Blockchain mechanisms are complex, the following gives a brief overview of transaction processing on blockchains. Start by watching this blockchain demo.
You can also try out the blockchain demo tool yourself. To do so, click here.
Record the Transaction
A blockchain transaction shows the movement of physical or digital assets from one party to another in the blockchain network. It is recorded in a data block and includes details such as (e.g., Who was involved in the transaction? When did the transaction occur? How much of the asset was exchanged?).
Figure 3: Sample Bitcoin transaction (Source: Mempool Space, accessed on 27.10.2022)
As indicated in the figure, the transaction ID is the unique identifier used to track the transaction, all transactions are traceable through block explorer websites. The input address indicates who the sending address(es) of the funds is/ are, the output address is the funds receiving addresses. In this case, there is one external receiving address and the input
address receives the unspent Bitcoin back via the input address. The transaction information lists details about the transaction such as the amount of fees paid to the miner, the total amount of Bitcoin input. The difference between the total amount of Bitcoin input and output determines the transaction fee.
Figure 4: Sample Bitcoin transactions (Source: Mempool Space, accessed on 30.11.2022)
The block information gives information about the block size (1.12 MB in this example), the median miner’s fee that has to be paid to miners in order for your transaction to be included in the block, which miner/ mining farm mined the block and other key information. All transaction data (see Figure 3) is listed for each individual transaction in the block itself. The block information (see Figure 4) is so to speak only the summary of the transaction data within the block. Generally speaking, the Bitcoin block size is around 1MB, though there are proposals and discussions about enlarging the block size to achieve more scalability for Bitcoin as a transaction network.
Most participants on the distributed blockchain network must agree on the current state of the network and the validity of transactions via using consensus mechanisms. Consensus means that there is a general agreement on the current state of the network. Depending on the type of network, rules of agreement can vary but are typically established at the start of the network. Imagine a group of people going to the movies. If there is no disagreement about a proposed movie selection, a consensus is reached. If a consensus cannot be found, the group could split up and go separate ways. In terms of the blockchain, the process is formalized and reaching consensus means that at least 51% of the nodes in the network agree on the next global state of the network.
Link the Blocks
Once consensus has been reached, transactions on the blockchain are written into blocks.
A cryptographic hash is also appended to each new block, as was shown in the video previously. The hash then creates the chain linking the blocks together. If the data in the block is edited, the hash value changes which shows tampering. Each additional block re-verifies the previous block.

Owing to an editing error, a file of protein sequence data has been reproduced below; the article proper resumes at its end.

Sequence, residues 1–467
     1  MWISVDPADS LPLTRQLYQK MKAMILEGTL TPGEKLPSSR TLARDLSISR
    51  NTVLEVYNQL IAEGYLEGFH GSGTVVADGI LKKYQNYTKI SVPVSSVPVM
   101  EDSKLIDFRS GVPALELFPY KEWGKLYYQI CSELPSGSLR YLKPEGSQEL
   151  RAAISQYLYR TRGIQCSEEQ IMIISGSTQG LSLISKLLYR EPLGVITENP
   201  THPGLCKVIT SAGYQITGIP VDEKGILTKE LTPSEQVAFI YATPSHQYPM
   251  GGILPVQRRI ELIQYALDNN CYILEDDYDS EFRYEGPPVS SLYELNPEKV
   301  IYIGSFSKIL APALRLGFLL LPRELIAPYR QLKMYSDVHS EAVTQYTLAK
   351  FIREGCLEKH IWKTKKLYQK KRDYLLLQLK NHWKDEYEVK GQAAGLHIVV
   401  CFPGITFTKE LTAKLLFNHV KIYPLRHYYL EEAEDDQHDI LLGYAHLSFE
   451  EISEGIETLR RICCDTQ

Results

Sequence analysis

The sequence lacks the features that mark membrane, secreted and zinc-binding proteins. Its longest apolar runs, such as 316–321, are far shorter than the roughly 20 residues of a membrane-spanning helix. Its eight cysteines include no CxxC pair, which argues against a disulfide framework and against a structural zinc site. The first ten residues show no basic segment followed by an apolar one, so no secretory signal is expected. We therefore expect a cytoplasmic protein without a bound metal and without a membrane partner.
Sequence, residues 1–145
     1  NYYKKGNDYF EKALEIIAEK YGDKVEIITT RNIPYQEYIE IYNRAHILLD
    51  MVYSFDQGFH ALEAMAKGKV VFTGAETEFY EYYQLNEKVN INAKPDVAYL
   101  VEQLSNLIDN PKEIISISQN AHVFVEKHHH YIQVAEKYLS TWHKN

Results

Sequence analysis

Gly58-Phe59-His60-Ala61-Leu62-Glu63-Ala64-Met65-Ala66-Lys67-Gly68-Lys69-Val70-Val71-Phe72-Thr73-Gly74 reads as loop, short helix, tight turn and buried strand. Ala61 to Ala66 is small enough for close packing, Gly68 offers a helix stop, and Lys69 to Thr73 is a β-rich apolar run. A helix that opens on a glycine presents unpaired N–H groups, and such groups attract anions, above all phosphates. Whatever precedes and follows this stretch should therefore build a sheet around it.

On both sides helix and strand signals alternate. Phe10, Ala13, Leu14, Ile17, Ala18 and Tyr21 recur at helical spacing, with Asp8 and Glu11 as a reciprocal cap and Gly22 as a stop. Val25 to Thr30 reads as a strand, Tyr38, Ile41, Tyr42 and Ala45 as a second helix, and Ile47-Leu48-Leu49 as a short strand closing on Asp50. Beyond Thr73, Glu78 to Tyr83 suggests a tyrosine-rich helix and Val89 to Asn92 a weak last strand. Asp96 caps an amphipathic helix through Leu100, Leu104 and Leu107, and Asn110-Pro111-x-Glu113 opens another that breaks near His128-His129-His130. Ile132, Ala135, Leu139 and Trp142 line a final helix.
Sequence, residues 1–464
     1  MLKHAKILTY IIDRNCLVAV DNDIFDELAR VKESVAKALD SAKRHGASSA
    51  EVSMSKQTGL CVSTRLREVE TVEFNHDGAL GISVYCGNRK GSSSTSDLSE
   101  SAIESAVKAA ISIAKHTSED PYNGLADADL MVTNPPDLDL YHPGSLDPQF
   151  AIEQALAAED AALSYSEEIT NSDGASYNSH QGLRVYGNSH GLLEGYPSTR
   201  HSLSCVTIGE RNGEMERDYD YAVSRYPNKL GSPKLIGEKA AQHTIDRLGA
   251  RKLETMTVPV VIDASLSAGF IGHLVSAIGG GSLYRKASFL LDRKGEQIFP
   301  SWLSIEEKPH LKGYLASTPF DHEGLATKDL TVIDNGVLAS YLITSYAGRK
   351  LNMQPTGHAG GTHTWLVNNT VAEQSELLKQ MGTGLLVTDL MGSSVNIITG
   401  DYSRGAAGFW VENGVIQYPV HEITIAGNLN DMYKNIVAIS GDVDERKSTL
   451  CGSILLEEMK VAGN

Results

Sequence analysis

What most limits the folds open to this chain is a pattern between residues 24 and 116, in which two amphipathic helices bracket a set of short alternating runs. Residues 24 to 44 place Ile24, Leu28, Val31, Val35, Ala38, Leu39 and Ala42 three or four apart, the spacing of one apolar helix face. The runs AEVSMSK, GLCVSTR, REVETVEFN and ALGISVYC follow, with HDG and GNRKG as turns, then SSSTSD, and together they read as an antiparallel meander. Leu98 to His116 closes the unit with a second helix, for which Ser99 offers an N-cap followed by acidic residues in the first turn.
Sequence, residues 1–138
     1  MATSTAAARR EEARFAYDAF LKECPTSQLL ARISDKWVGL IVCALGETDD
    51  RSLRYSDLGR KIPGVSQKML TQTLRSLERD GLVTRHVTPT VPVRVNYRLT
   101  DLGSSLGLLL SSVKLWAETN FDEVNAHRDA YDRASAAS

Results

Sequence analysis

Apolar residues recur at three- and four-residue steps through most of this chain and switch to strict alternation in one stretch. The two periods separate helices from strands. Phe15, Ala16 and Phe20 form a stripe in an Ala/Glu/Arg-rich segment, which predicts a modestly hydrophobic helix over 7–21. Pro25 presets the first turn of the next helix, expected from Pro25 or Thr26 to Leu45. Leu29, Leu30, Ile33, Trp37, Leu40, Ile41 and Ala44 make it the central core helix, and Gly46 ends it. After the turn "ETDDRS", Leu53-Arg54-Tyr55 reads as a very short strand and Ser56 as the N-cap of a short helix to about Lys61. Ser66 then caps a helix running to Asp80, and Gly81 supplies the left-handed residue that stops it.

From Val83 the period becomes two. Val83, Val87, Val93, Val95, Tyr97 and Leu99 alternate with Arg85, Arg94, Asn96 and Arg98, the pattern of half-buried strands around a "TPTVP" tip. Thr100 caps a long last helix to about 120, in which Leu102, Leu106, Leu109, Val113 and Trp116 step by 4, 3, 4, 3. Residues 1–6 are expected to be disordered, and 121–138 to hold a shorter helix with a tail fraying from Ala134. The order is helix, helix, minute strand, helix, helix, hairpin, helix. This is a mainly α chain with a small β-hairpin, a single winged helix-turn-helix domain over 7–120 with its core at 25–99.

Share the Ledger
The system then broadcasts the newest copy of the central ledger to all participants in the network which updates the status of the stored copy of the blockchain for all participants. Mining requires significant computational resources and takes a long time due to the complexity of the software process. In exchange, miners earn a small amount of cryptocurrency. The miners act as modern clerks who record transactions and collect transaction fees. All participants across the network reach a consensus on who owns which coins and or tokens.
Blockchain technology brings many benefits to asset transaction management:
Blockchain systems provide the high level of security and trust that modern digital transactions require. There is always a fear that someone will manipulate underlying software to generate fake money for themselves. But blockchain uses the three principles of cryptography, decentralization, and consensus to create a highly secure underlying software system that is nearly impossible to tamper with. There is no single point of failure, and a single user cannot change the transaction records.
Business-to-business transactions can take a lot of time and create operational bottlenecks, especially when compliance and third-party regulatory bodies are involved. Transparency and smart contracts in blockchain make such business transactions faster and more cost and time efficient.
Enterprises must be able to securely generate, exchange, archive, and reconstruct e-transactions in an auditable manner. Blockchain records are chronologically immutable, which means that all records are always ordered by time. This data transparency makes audit processing faster.
Bitcoin and blockchain might be used interchangeably, but they are two different things. Since Bitcoin was an early application of blockchain technology, people inadvertently began using Bitcoin to mean blockchain, creating this misnomer. As was shown in a previous chapter, blockchain technology has many use cases outside of Bitcoin. Bitcoin is a digital currency that operates without any centralized control and uses blockchain technology as the underlying infrastructure.